Besides the best name on the team, what does free safety Divine Deablo (#17) bring to the field? Compared to the consistent, workmanlike play of Rayshard Ashby, Deablo’s play has swung wildly between games. When he’s on, he’s a talented playmaker whose speed and size create matchup problems. When he struggles, the other team breaks big plays.
Like just about every defensive position, free safety has become more of a hybrid spot since the spread-option renaissance. The traditional safety was called so for a reason, since he was the last line of defense due to his deep spot on the field. Back when Tech still played most of its snaps in a 4-4 look, the free safety primarily played a deep centerfield zone or half-field Cover-2 zone on passing downs, and a robber-style match-up look on run downs. On run plays he was basically free to track the ball carrier since there were eight or nine guys in the box to fit off runs.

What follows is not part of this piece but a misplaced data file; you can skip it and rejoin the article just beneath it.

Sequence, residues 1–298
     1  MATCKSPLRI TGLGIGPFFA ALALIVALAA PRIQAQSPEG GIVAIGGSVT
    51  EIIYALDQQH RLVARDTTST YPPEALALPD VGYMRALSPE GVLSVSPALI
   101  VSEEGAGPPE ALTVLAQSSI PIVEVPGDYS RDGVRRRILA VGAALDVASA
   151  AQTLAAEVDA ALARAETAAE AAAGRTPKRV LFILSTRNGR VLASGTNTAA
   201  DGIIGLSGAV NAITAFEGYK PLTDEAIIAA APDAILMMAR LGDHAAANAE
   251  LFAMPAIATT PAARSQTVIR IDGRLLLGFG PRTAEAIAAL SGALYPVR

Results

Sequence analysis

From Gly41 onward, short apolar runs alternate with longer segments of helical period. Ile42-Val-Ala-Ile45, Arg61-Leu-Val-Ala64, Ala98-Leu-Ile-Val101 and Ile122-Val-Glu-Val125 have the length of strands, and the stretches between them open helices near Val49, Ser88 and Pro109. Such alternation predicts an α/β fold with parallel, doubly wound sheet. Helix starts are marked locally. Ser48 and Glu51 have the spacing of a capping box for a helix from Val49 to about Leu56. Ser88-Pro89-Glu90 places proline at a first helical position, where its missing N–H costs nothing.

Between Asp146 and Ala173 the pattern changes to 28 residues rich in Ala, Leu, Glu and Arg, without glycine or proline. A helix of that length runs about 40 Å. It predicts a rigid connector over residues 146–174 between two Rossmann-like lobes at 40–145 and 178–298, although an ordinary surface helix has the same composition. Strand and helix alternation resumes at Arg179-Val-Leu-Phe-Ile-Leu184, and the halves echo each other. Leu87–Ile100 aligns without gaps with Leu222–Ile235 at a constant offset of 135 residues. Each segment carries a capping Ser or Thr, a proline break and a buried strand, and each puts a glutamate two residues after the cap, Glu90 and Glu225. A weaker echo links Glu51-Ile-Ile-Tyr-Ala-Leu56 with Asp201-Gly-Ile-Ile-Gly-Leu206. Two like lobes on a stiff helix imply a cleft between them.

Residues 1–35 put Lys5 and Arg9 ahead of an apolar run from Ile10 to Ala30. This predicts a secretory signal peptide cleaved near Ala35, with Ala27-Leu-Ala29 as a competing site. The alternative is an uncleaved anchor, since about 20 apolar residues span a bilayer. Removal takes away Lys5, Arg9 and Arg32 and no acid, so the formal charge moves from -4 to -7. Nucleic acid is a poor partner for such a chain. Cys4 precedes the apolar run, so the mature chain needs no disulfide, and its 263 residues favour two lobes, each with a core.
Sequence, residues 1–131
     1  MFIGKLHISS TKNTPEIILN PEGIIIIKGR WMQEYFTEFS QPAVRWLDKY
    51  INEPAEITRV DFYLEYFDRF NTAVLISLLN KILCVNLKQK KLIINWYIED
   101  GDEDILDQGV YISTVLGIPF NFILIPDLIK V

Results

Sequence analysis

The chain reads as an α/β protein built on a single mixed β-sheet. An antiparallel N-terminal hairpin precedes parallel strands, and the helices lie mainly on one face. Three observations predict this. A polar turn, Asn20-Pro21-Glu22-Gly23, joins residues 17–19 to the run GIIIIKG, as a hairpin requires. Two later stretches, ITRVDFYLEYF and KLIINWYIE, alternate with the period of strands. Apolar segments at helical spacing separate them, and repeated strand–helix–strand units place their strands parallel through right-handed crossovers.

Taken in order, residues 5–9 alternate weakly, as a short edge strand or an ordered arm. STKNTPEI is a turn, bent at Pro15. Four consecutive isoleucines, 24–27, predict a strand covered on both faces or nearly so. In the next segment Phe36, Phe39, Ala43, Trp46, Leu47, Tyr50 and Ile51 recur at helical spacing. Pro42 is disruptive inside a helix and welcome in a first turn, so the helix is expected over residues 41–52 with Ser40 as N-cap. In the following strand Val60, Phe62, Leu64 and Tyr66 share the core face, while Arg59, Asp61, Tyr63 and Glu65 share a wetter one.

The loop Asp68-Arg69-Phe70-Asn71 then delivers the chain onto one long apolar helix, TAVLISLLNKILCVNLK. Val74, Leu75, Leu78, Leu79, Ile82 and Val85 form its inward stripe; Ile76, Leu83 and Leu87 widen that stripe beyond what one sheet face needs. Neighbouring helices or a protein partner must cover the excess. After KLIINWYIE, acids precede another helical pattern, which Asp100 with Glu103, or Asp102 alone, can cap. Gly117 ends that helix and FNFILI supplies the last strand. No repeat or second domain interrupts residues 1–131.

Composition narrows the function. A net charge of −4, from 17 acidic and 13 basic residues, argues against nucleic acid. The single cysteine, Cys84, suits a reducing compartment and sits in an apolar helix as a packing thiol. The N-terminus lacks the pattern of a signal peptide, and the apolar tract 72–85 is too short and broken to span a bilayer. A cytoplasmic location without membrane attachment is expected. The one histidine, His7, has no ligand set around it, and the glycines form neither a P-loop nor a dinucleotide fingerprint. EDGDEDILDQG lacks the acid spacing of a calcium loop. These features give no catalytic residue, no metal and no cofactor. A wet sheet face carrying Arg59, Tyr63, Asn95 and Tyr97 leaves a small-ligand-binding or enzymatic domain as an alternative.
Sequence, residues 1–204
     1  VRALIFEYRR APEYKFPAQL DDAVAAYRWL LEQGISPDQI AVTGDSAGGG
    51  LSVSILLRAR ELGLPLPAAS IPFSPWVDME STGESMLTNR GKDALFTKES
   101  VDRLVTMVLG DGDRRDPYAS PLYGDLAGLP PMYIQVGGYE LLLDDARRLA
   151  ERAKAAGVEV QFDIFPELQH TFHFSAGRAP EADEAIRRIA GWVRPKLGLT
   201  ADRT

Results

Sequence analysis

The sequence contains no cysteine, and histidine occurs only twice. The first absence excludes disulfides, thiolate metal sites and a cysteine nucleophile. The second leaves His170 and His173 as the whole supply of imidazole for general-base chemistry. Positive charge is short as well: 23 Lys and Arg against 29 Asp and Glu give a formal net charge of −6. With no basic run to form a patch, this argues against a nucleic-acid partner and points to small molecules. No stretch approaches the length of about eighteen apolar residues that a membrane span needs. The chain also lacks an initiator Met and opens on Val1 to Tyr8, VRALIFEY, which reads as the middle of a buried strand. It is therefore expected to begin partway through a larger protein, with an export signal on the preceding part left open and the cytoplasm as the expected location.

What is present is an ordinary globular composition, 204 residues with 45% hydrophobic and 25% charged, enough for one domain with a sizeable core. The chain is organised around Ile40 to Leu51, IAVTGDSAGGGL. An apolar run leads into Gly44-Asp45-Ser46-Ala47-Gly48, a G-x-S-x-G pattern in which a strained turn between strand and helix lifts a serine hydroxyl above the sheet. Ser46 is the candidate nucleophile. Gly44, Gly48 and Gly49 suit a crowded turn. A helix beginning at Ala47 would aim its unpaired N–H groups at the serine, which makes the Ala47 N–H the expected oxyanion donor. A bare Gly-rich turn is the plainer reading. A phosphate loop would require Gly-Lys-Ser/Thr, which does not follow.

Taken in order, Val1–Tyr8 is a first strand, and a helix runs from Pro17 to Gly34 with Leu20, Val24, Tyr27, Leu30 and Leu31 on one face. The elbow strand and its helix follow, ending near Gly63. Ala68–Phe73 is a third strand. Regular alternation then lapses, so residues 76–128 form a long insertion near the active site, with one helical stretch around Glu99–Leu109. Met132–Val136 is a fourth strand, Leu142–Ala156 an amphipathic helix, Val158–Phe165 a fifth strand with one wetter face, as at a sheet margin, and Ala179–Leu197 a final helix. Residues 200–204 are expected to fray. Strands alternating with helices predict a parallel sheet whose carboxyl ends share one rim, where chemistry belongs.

Things have changed. He’s still often the last guy available to make a play on a runner or receiver, but there’s more going on. On blitzes and Bear fronts, the free safety has to fit off the Mike linebacker almost like a Rover normally would because spread formations...
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